Is it not possible for an ecclesiastical assembly to make a decision based on invalid grounds? What if an ecclesiastical assembly does not demonstrate interaction with the grounds presented?

How often has Article 33 of the Church Order served to frustrate conscientious and serious attempts to bring the church back to its confessional and church orderly foundation? The history of appeals from the Canadian Reformed Churches of Smithville and Attercliffe concerning the relationship with the OPC is an example of scriptural, confessional and church orderly objections constantly being brought to the General Synods, but left unaddressed (see Synod 1980, Acts, Article 97; Synod 1983, Acts, Article 55; Synod 1986, Acts, Article 136; Synod 1989, Acts, Article 94; Synod 1992, Acts, Article 72; Synod 1995, Acts, Article 106; Synod 1998, Acts, Article 130; Synod 2004, Acts, Articles 86 and 99; Synod 2007, Acts, Article 83; Synod 2010, Acts, Article 27; and Synod 2013, Acts, Article 47).

Purpose of an appeal

What would motivate a church federation, a committee, a local church or an individual to address an ecclesiastical assembly or follow an appeal process? Why does the Church Order provide a mechanism for such a process?

Creating such an appeal process provides a way to assist one who has been personally wronged to be heard and to have his concerns taken away without having to secede. Rev. R.D. Anderson has written extensively about this in Una Sancta, the November 15, 2014 issue, in an article entitled, “Article 31 of our Church Order,” page 636.

It also happens that a decision is made that is contrary to the Word of God or the Church Order, which affects all the members of the church. May we still speak of a right, or has it now become a duty or a responsibility for members to appeal? Later, in the same article Rev. Anderson asserts that it is indeed a duty or responsibility (see page 638). He writes, “… an unbiblical decision by a synod can never simply be accepted by a consistory. Every time again when a synod has taken place, each local consistory must test the decisions against God’s Word. If a decision is found to be contrary to God’s Word, article 31 gives it the right – or better put – the responsibility not to enact that decision. The synod cannot and may not impose an unbiblical decision on the churches.” (Please note that the full article can also be found at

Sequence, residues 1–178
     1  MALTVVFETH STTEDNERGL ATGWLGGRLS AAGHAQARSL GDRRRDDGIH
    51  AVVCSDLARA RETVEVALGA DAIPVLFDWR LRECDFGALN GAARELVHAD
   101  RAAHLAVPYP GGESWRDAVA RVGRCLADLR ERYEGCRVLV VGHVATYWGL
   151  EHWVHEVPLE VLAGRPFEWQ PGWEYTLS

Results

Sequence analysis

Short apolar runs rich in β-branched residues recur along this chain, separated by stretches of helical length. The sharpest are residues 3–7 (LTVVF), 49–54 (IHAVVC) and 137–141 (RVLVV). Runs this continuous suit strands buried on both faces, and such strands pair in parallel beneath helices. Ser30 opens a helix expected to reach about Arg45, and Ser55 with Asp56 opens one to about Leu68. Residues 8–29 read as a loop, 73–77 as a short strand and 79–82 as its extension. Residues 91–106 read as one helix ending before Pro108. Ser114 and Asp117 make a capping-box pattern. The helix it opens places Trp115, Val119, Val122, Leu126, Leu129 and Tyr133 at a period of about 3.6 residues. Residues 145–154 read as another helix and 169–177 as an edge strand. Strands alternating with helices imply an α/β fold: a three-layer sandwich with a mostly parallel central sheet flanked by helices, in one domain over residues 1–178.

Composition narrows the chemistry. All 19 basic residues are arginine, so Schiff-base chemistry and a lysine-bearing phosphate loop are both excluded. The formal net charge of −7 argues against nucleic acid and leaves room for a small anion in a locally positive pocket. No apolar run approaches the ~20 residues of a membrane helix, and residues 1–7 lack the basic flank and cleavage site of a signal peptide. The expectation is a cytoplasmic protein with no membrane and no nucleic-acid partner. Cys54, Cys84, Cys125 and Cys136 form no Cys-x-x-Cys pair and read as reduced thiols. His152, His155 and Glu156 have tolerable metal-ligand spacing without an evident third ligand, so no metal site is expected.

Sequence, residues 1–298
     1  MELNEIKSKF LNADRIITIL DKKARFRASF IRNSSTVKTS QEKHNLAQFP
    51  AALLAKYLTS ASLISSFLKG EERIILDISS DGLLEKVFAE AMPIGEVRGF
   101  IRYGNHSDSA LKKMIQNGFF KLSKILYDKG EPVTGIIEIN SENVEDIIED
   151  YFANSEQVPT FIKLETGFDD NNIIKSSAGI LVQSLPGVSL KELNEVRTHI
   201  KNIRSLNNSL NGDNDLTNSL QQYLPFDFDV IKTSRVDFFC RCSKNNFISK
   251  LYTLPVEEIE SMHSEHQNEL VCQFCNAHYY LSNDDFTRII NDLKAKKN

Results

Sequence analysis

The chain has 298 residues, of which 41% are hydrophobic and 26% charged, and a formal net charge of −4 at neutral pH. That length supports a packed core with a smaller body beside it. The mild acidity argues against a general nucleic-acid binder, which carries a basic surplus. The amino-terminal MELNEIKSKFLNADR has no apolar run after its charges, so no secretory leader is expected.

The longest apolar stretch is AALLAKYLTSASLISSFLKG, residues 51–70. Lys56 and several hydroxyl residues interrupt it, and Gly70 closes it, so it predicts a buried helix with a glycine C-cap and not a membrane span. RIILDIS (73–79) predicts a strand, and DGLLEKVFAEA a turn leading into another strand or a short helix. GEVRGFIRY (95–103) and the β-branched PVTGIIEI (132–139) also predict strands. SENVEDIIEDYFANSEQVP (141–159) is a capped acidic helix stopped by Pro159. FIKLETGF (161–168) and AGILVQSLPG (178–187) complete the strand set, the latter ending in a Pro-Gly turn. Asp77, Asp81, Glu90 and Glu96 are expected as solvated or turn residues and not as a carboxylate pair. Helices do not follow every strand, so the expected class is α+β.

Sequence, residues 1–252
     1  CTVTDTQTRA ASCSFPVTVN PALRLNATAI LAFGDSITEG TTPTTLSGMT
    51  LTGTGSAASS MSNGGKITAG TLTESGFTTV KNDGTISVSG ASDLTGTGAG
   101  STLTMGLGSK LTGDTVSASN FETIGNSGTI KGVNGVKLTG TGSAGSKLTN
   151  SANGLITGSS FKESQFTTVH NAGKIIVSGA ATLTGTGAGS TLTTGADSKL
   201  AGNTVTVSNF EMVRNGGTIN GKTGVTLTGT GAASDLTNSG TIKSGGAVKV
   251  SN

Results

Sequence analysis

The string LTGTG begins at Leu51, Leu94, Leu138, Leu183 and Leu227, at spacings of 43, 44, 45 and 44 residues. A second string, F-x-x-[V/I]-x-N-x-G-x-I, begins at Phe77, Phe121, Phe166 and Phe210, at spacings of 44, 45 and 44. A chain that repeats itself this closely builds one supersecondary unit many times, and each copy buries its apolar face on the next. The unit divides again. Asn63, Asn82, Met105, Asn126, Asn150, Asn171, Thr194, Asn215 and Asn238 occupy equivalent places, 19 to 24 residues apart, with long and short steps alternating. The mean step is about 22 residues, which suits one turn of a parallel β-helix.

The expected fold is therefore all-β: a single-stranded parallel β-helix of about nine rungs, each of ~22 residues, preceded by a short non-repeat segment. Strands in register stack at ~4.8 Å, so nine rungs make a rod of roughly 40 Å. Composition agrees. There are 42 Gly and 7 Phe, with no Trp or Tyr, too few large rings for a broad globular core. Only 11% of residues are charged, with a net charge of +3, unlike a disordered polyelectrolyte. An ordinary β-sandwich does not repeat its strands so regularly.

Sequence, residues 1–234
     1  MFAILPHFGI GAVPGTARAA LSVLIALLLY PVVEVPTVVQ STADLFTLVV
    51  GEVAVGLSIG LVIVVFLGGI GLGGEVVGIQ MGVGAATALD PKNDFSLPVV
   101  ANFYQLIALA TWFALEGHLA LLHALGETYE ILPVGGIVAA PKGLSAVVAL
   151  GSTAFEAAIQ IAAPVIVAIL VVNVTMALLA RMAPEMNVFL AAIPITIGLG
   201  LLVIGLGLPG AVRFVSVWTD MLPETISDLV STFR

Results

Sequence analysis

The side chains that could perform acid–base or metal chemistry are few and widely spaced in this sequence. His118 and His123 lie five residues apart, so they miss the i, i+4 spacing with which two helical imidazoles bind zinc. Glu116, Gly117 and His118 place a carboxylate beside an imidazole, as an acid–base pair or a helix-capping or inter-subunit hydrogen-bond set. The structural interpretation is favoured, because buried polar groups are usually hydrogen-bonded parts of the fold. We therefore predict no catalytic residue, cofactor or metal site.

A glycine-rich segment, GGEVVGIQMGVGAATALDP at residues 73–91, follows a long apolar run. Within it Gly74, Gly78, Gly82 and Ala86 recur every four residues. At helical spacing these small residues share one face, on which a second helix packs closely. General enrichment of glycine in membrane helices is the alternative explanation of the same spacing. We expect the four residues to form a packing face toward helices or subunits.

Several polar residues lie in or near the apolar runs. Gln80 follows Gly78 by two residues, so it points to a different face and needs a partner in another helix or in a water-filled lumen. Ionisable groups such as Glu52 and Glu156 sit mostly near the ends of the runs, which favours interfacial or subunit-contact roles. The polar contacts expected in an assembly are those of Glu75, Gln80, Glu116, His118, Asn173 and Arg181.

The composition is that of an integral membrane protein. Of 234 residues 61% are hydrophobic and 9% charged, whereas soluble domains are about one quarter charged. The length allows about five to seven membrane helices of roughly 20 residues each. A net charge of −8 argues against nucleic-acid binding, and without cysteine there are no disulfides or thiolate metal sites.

As individual members and as churches we have agreed to abide by the Word of God and the Church Order. When one refuses to abide by decisions which do not meet the Scriptural or Church Orderly test, one is then faithful to the commitment one made at one’s public profession of faith. As we read in John 10:4 and 5, “And when he brings out his own sheep, he goes before them; and the sheep follow him, for they know his voice. Yet they will by no means follow a stranger, but will flee from him, for they do not know the voice of strangers.

Confronting apostasy

In the course of a struggle for faithfulness to God’s Word it is possible that those who are concerned may find themselves being forced by a local church to accept and participate in the implementation of unscriptural decisions. When this happens their integrity will require them to separate themselves from an unfaithful church if the church does not heed warnings to repent. This is not easy. History shows that in most cases the faithful remnant remaining is a small percentage of the original church. This occurred in the time of Ahab, when the Lord kept for Himself 7,000 persons who had not bowed their knees to Baal. This also occurred in 1944 when the general synod bound members and churches to unscriptural decisions, and resulted in the liberation of about 10% of the members of the synodical churches in the Netherlands.

Although the number of those who liberated in 1944 was small, they had the responsibility to bring the truth of God’s Word to those who stayed behind. After 1944 there were still many attempts to restore unity on the basis of God’s Word.